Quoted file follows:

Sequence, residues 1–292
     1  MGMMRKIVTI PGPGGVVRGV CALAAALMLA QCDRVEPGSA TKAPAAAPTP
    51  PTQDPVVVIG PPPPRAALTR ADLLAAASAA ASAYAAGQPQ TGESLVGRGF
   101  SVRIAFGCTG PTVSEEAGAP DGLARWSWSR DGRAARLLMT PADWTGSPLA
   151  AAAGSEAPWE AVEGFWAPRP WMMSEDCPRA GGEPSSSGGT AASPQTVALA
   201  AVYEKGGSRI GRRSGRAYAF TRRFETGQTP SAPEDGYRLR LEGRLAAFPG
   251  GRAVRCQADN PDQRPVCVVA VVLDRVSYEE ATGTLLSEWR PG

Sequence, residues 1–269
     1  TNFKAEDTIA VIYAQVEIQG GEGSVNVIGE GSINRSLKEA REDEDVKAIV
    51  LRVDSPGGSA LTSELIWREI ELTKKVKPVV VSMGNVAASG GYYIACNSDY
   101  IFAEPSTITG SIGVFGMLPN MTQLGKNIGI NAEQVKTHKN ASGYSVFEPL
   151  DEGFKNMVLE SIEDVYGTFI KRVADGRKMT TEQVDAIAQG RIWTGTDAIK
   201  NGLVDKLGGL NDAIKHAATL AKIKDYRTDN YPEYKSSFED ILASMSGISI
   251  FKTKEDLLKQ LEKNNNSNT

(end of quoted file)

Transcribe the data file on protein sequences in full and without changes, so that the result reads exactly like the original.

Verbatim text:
Sequence, residues 1–292
     1  MGMMRKIVTI PGPGGVVRGV CALAAALMLA QCDRVEPGSA TKAPAAAPTP
    51  PTQDPVVVIG PPPPRAALTR ADLLAAASAA ASAYAAGQPQ TGESLVGRGF
   101  SVRIAFGCTG PTVSEEAGAP DGLARWSWSR DGRAARLLMT PADWTGSPLA
   151  AAAGSEAPWE AVEGFWAPRP WMMSEDCPRA GGEPSSSGGT AASPQTVALA
   201  AVYEKGGSRI GRRSGRAYAF TRRFETGQTP SAPEDGYRLR LEGRLAAFPG
   251  GRAVRCQADN PDQRPVCVVA VVLDRVSYEE ATGTLLSEWR PG

Sequence, residues 1–269
     1  TNFKAEDTIA VIYAQVEIQG GEGSVNVIGE GSINRSLKEA REDEDVKAIV
    51  LRVDSPGGSA LTSELIWREI ELTKKVKPVV VSMGNVAASG GYYIACNSDY
   101  IFAEPSTITG SIGVFGMLPN MTQLGKNIGI NAEQVKTHKN ASGYSVFEPL
   151  DEGFKNMVLE SIEDVYGTFI KRVADGRKMT TEQVDAIAQG RIWTGTDAIK
   201  NGLVDKLGGL NDAIKHAATL AKIKDYRTDN YPEYKSSFED ILASMSGISI
   251  FKTKEDLLKQ LEKNNNSNT